"The super-affordable Moto E looks great value for money, but there are a few caveats"
At first glance, it seems Motorola has killed it once again with its latest offering, the Moto E. The budget device's more accomplished sibling, the Moto G has been widely reported to be a huge success for the company, and apart from being Motorola's chart-topping handset, it set another precedent when it launched exclusively online. The sub-Rs 10,000 price category could be a different ballgame though, since it sees more cut-throat competition and is more sensitive to small differences in cost, specs and maybe, the perceived brand value too. That said, the Moto E certainly seems to have all the right ingredients – affordable price, decent specs, dual-SIM support and the backing of a multi-national brand. Motorola's bestowed it with a solid build – a highly coveted trait in any price segment, but possibly, even more so in the budget category. The manufacturer has also taken care of those who desire customisation options by offering interchangeable rear shells in multiple hues. Other popular features like an FM radio are also included, along with an emergency alert feature that could offer that extra peace of mind, especially for ladies. In our eyes though, one of the most compelling aspects about the Moto E is that it runs Android KitKat, and that too a near-stock build. Secondly, Motorola is guaranteeing an upgrade to the next major refresh of Google's mobile OS... and this definitely bodes well for those who choose to buy it.
We have a full review of the Moto E coming up shortly, but before that, let's try and address a few commonly-asked queries regarding its specs, feature set and capabilities. As usual, we'll start with taking a look at its core specs.
The core specs of the Moto E include a 4.3-inch, 960 x 540 display, which hides a dual-core Snapdragon 200 processor running at 1.2GHz. The display is layered with Corning Gorilla Glass 3 protection, which is quite a feat at this price point. The innards also include 1GB of RAM and Adreno 302 graphics. The 4GB internal storage can be augmented by another 32GB thanks to a microSD card slot. The dual-SIM smartphone lacks a front-facing snapper, while at the rear, there's a 5-megapixel fixed-focus shooter making up the photography department. There's no flash either. A 1,980mAh non-removable battery powers the show. The Moto E will set you back by Rs 6,999.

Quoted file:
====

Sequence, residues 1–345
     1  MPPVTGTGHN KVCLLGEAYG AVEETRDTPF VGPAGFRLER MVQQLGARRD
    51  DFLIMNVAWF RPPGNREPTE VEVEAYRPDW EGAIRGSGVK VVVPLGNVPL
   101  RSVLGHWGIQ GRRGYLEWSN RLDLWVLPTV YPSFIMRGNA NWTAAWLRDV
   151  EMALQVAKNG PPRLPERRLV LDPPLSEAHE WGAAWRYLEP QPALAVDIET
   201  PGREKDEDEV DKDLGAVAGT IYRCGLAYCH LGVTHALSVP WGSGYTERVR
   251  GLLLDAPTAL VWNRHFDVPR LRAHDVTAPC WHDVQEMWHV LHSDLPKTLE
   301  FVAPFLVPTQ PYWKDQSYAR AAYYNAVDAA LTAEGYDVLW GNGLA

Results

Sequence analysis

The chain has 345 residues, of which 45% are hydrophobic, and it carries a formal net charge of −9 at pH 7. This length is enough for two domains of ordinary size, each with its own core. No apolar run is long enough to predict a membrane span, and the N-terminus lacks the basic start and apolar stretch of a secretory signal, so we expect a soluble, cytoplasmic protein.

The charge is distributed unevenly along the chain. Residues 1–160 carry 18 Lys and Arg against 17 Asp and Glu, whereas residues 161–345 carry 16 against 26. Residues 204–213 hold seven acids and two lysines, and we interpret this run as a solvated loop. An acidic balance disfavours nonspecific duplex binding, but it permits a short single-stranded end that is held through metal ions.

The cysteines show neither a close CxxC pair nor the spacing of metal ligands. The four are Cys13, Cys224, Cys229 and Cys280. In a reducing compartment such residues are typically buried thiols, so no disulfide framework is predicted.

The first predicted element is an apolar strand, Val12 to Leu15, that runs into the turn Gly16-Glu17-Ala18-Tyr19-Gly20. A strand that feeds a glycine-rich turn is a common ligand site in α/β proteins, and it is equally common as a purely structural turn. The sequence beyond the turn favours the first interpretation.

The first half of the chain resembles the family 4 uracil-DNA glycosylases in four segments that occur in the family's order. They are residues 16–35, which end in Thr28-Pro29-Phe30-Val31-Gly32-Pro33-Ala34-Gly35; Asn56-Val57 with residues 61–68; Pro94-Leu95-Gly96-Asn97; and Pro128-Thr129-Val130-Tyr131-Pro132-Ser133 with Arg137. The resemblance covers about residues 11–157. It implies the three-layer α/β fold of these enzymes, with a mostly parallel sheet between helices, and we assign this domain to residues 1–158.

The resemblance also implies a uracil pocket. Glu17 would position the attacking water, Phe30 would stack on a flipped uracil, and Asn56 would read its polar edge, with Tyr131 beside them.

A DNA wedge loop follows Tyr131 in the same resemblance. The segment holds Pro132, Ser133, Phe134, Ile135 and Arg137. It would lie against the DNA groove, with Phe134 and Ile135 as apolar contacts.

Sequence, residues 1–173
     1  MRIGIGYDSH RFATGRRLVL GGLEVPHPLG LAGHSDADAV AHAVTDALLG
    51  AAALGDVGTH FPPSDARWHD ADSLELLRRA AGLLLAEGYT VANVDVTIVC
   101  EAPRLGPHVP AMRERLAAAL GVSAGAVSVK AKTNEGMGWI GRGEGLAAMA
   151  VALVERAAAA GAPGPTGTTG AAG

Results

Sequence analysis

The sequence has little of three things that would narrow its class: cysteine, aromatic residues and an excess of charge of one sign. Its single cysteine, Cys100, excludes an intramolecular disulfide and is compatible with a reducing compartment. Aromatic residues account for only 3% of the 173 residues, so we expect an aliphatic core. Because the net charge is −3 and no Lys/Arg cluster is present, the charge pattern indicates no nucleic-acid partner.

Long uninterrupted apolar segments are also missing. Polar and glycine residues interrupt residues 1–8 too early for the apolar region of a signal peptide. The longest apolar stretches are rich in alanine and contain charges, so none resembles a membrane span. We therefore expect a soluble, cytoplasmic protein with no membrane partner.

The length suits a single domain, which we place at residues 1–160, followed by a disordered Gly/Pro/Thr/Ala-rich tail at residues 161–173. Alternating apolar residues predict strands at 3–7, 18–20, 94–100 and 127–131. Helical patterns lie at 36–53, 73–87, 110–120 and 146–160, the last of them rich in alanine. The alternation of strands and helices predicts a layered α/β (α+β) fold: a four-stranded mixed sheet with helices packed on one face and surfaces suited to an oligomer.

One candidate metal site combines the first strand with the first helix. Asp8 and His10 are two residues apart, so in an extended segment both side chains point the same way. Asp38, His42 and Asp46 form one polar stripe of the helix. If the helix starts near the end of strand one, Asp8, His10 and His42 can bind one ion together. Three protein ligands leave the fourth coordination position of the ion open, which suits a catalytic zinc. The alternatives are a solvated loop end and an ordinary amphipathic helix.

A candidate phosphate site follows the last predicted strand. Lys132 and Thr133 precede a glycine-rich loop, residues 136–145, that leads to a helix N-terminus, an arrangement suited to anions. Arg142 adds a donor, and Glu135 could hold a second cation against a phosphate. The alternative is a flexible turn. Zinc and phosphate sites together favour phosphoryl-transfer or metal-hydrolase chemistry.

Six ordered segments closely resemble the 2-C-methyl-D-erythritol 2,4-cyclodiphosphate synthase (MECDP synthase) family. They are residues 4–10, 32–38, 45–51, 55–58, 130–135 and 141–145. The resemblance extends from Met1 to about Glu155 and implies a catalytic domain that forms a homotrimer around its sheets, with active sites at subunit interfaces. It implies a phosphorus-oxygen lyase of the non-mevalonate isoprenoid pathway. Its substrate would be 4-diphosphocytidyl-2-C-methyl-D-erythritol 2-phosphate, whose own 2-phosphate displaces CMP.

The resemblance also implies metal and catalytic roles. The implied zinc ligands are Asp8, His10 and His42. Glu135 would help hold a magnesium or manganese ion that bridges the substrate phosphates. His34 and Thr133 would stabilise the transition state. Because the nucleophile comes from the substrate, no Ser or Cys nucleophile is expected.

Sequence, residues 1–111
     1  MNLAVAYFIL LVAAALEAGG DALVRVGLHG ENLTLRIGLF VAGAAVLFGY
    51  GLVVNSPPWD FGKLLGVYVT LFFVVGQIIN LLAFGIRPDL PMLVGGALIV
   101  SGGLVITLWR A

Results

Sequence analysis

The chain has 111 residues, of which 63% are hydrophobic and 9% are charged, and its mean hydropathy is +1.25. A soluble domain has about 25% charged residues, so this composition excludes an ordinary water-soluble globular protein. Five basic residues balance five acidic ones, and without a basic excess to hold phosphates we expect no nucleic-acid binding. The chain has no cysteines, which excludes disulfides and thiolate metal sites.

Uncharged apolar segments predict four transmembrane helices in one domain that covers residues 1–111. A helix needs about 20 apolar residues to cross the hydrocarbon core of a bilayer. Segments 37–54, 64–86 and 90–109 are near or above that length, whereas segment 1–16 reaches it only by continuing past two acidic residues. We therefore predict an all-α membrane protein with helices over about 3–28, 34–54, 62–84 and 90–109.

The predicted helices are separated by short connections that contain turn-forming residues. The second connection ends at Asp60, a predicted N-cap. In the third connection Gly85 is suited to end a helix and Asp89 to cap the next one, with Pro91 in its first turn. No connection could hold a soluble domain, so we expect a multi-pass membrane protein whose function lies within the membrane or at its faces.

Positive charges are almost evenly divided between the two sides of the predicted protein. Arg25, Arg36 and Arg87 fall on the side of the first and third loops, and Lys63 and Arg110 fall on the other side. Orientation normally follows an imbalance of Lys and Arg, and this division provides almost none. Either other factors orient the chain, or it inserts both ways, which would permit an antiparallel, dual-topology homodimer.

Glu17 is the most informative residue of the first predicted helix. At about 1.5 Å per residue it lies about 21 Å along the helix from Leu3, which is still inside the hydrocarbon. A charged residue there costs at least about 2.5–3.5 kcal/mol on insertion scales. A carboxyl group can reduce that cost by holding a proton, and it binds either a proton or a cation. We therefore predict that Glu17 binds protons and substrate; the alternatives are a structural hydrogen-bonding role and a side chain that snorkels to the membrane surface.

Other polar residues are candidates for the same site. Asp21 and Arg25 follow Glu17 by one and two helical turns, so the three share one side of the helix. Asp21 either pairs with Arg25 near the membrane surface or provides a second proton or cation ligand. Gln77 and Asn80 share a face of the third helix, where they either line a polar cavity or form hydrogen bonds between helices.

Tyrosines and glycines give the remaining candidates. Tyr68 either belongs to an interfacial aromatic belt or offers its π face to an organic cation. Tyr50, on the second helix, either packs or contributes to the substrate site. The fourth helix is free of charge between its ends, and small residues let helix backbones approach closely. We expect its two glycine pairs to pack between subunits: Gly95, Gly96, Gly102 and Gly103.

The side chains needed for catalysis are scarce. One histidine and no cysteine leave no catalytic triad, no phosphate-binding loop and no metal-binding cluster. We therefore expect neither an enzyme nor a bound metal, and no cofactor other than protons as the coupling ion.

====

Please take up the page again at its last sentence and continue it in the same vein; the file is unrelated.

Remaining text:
The Moto E accepts a pair of micro-SIM cards, and supports 3G on both slots. The device is a dual standby handset, and uses call forwarding on both SIMs so you don't miss calls. It also remembers your SIM preferences when you make outgoing calls, and learns from your usage patterns.
The other set of connectivity options are standard and nothing to write home about. There's micro-USB of course, (but no cable provided in the box, so you'll have to get one on your own), and you also get Wi-Fi 802.11 b/g/n, Bluetooth 4.0, A-GPS and GLONASS, along with Wi-Fi hotspot capabilities.
A little under 2GB is available to use out of the box, which could be problem since you can't have too many apps installed, or download heavy games such as Asphalt 8: Airborne. Unfortunately, unlike the Moto G and the Moto X, the Moto E doesn't support USB OTG for connecting external flash drives.
The Moto E runs an almost stock version of Android KitKat 4.4.2, and as we mentioned earlier, Motorola has promised that the handset will be upgraded to the next version as and when it becomes available. Since the implementation is stock, you won't find any hardware keys on the fascia. Motorola's included all the usual Google apps on the Moto E, along with its Migrate app that lets you transfer personal data from other smartphones.
The highly-useful Assist automation app is there too, but doesn't include the Driving mode which is only available on the Moto X and a few others like the Droid Ultra and the Droid Mini for now. A new app exclusive to the Moto E currently is Alert, and this enables location sharing and tracking features, along with the emergency alert feature.
Sure, there's an FM radio that should come in handy when you're bored listening to stored music. Also worth noting is the front-facing speaker that can churn out audio without muffling it when the device is lying flat on a table.
As you can make out, the Moto E's got quite a few things going for it, but there are some sore points too... like a missing front shooter for example. Watch this for the full review, coming very soon.
Related read: Moto E unboxing | Moto E first impressions